Martin: I’ve been in magazines and newspapers all my life editing and designing mainstream and also little magazines of my own. I wanted to make use of the technology we have now but I wouldnt have ever started into it on my own. I needed Trace to get it together.

Trace: So, this was right up his alley. Thankfully, his experience and talent gave us the creative vision and expertise needed to produce the magazine—and really made it stand out!

Martin: We want the mag to be a kind of a tabloid for writers. We want to make writing look as glitzy as it is and we want to treat the writers like pop stars.

Sean: It does look great. You must be very pleased. It’s a very eclectic mixture of genres - is there an overriding thematic when you choose your work, or do you just judge in terms of quality?

Martin: Yes the theme is that it has to touch us. The best writing is when you get lost in it.

Trace: I love reading literary magazines but sometimes find the straight text on plain white boring. We both wanted the magazine to be visually appealing. And as Martin mentioned—we wanted to focus as much on the writers as we did on what they’d written. We look for stories that take us some place—

Martin: We have this story in the next issue and I reckon another literary mag would reject it but we’ve accepted it because we lived the story and both of us said to each other we were thinking of it for days after.

Trace: We don’t have a specific theme or genre of story that we look for—and we hope that this is reflected by the variety of writing we published last time. The best sort of writing is the kind which is memorable—it’s the story/poem you can’t stop thinking about.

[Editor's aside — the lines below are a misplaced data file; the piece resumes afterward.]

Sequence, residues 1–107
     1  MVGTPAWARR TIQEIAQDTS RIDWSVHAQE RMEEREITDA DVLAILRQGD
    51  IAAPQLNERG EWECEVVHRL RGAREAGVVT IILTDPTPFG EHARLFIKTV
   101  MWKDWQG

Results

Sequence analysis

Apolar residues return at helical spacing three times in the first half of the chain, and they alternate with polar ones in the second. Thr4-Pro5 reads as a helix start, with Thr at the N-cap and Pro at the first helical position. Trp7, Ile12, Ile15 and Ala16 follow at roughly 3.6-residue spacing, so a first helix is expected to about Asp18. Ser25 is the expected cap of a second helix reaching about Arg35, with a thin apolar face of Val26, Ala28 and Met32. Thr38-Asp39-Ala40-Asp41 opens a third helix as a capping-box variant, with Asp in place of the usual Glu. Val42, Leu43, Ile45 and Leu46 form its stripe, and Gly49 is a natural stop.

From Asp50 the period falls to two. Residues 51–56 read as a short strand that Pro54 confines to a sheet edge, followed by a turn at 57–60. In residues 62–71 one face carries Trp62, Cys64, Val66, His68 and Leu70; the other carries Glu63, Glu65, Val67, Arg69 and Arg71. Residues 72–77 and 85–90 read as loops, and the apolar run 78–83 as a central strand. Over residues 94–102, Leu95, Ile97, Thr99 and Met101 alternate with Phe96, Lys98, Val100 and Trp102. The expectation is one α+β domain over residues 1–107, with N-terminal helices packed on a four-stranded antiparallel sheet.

Sean: This is interesting—I feel you’re right—but why was focus on the author (rather than just the writing itself) so important to you?

Martin: For me the focus on the author is a visual thing. To some extent when we read mags we look at the pictures of the celebrities. I wanted a mag that was full of people.

Trace: We’re writers :) And I think writers are interested in other writers, what motivated them, how they came to write, etc.

Martin: We are always interested in people and so as well as their photos I wanted to put in as much stuff about them as possible and so we do these interviews with writers and some of the stuff they say is as extraordinary as their writing and in doing the interviews the writers have said to me they have been as much inspired as we have.

Trace: And you know—one of our goals is to help little knowns become known. By focusing on the author (in addition to their writing)—we hope folks will remember them.

Sean: OK. This leads me on to a question BrindleyHD raised: Should we, as writers, be trying to get editors to publish what we have to say? Or be trying to write in the way that they ‘recognise’?

Martin: OH!!!!!!!!!!!! You should only write what you write. Forget the editors. If you want to please the editors get a job as a copywriter.

Trace: I might add though, that the key is to find the right magazine for your work. Sometimes it isn’t that the story isn’t written well—it’s that it isn’t a good fit for the magazine where you’ve submitted. And this could mean they already have a story for their next issue that is too close to what you deal with in yours. You should read the magazine and get a feel for what the editors want before you submit.